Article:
Idea in a Nutshell

With the Coronavirus pandemic, it is important for Saudi restaurateurs to know the difference between cleaning, sanitizing and disinfecting. Disinfecting kills Coronavirus. Cleaning and sanitizing do not. As Coronavirus continues to hold sway over the Saudi F&B sector, effective hygiene at your business is the key to emerging from curfew safely and successfully as a brand. 

So what’s the best way to keep your venue and staff free from COVID-19 or any germs at all? 

A good way to explain hygiene Best Practice to your staff is to look at the difference between cleaning, sanitising and disinfecting.

Cleaning, Sanitizing & Disinfecting

Hygiene management centres on picking the right operations, or sequence of operations, for the right area of your business:

A thorough risk assessment of all areas of your business (including any operations away from your venue) will set you up to use the right hygiene operation in the right place.

For example, all three operations of cleaning, sanitizing and disinfecting might be applied to high risk surfaces like food preparation surfaces. For low risk surfaces like windows and ceilings, just cleaning may be appropriate.

Hygiene approachHelps deal with Coronavirus?Kills Coronavirus?
CleaningYesNo
SanitizingYesNo
DisinfectingYesYes 

Key Questions

Here are answers to some of the most commonly asked questions regarding Cleaning, Sanitizing & Disinfecting

1.

How do I manage hygiene risk 

in my restaurant business?

Best Practice hygiene management is based on managing risk.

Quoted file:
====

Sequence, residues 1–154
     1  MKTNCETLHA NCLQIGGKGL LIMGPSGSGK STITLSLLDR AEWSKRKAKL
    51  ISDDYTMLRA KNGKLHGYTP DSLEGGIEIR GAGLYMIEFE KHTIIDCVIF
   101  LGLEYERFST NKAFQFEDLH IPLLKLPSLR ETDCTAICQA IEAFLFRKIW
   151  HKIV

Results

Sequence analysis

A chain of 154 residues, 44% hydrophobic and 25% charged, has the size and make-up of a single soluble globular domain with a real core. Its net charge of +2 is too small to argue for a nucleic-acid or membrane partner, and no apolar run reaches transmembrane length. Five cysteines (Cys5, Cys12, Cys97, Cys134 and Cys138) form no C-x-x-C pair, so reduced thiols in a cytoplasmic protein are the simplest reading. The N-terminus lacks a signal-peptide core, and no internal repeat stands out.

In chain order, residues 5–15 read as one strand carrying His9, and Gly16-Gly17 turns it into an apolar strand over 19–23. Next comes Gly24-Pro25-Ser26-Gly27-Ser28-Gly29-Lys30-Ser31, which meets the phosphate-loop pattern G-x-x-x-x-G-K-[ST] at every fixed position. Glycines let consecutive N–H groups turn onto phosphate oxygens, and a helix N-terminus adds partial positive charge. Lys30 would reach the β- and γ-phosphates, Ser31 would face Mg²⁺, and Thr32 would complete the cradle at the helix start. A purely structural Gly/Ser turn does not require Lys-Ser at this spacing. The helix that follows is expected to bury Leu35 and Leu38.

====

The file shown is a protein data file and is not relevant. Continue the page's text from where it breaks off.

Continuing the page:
A hygiene risk assessment is a good way of balancing the need for perfect hygiene (through, cleaning, sanitizing and disinfecting) with the need to actually use your premises. You cannot clean everything perfectly all the time or you will never make any food! So you have to make some decisions.

With a risk assessment, you need to map out which areas of your venue and extended property (ie. delivery vans, mobile POS equipment etc) require which level of hygiene management.

One way you might approach your risk assessment is to divide your operation into three areas of infection risk: high risk, medium risk and low risk.

Beware of cross-contamination risk: be sure to disinfect and rinse your cleaning mops, buckets and gloves when you have cleaned, sanitized or disinfected with them!

2.

Does a sanitizer clean 

 and disinfect?

Yes, sanitizer cleans to a limited extent. But no, a sanitizer does not disinfect. 

A sanitizer cleans to the extent that, like cleaning products, it removes stains, smears and other dirt. But that process is called washing, and washing is not the purpose of sanitization. The purpose of sanitization is to kill harmful bacteria.

Sanitization does not disinfect. Sanitization is NOT anti-viral or anti-fungal; whereas disinfecting is. Sanitization kills 99.9% of bacteria, but has no capacity to tackle either funguses or viruses like Covid-19. 

Disinfecting with the correct disinfectants kills COVID-19, but sanitization does not.

Sanitization is the second phase of comprehensive hygiene management: we begin with cleaning to remove visible dirt, move on to sanitization to remove visible dirt and tackle 99.9% of bacteria – and end with disinfecting to kill bacteria, fungi and the all-important viruses.

How should I use hand sanitizer?

Do not confuse sanitization with disinfection. It is a good idea to stock up on sanitizing wipes and cleaners because it does help with bacterial aspects of hygiene as well as reassures customers; but it will not protect your business against COVID-19 because sanitizers only deal with bacteria, not viruses.